Use Epsom salt, lemon, aloe vera and other simple ingredients to clean up your kids when they have stubborn, sticky summer grime.
Do you use specialty salts in your cooking? Please share your ideas with our readers.
A recipe for a salt scrub that can clean those dirty garden hands while promoting healing.
Tips on how to be smart about salt this winter and protect water quality.
Expert advice on adding single nutrients, such as Epsom salts, to your garden and house plants.
Wayne Keith of Alabama sets a new world record for land speed via wood gas.
I had such a great time talking with attendees at the Mother Earth News Fair in Puyallup, Washington, this past weekend about how to make green cleaners. As always, I learned a new trick or two, and I promised everyone I’d recap our conversation here for easy access. Today let’s talk about some of the unexpected food items—most of which you already have in your kitchen cupboards—that can be used to clean your home.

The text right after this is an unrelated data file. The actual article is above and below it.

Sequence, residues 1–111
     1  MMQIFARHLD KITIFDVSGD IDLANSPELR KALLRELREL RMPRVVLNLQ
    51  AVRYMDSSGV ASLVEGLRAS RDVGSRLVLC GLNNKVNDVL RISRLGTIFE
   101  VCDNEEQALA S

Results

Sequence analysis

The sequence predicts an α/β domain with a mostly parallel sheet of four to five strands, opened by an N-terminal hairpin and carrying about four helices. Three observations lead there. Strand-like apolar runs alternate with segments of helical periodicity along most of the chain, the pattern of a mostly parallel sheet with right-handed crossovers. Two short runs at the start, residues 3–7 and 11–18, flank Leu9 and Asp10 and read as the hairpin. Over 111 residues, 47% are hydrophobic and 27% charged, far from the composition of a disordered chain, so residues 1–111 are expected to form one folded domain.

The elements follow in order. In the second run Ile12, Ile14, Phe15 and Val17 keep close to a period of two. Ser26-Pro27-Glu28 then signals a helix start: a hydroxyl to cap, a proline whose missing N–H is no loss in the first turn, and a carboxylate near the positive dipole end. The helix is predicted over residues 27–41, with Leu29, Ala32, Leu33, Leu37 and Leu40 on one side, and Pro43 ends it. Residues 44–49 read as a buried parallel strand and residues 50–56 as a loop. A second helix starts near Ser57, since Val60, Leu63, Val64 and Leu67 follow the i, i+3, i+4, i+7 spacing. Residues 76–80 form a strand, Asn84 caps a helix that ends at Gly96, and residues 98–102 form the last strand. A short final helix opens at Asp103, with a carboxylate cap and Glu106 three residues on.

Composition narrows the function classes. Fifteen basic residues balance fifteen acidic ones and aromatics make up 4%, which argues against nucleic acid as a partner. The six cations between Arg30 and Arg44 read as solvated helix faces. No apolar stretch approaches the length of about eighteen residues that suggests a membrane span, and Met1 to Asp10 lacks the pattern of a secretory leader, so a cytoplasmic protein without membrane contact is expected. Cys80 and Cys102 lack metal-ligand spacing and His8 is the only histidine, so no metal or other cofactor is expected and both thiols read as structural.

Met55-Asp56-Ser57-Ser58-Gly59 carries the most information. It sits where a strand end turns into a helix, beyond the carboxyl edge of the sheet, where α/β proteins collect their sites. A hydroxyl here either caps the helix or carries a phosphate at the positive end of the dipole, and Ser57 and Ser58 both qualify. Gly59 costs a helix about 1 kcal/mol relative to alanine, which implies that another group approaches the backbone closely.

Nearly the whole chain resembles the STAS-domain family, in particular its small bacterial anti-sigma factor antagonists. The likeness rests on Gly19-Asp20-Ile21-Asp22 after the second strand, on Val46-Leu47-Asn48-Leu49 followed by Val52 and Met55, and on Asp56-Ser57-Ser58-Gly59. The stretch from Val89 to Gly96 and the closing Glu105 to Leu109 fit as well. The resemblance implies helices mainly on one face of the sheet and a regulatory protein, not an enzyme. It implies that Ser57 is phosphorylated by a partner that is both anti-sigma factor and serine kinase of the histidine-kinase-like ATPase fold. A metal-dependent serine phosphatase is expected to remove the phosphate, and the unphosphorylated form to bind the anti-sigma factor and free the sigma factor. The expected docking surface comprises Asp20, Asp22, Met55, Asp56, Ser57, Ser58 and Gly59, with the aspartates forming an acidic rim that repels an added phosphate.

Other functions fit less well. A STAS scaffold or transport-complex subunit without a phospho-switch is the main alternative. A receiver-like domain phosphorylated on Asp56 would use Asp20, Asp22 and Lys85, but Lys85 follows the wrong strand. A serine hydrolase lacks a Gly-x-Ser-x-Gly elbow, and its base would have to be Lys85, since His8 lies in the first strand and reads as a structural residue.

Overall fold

Use tea to remove old furniture polish and prepare wooden furniture for polishing. Simply soak a rag in room-temperature tea, then run it over the wood. The tea’s tannic acid makes your wood shine while removing all the dirt. Once that’s done, you can use mayonnaise to make the piece shine. Just rub the mayo into the wood, then follow with a damp rag and a few drops of vinegar to remove any residue. Olive oil is also a great natural furniture
YIKES! What to do when you've planted too many veggies? Is your garden producing more than one family can eat? Sure, you can give it away. But wait! Try pickling those garden gems. This way, you'll be able to enjoy them through the winter and beyond!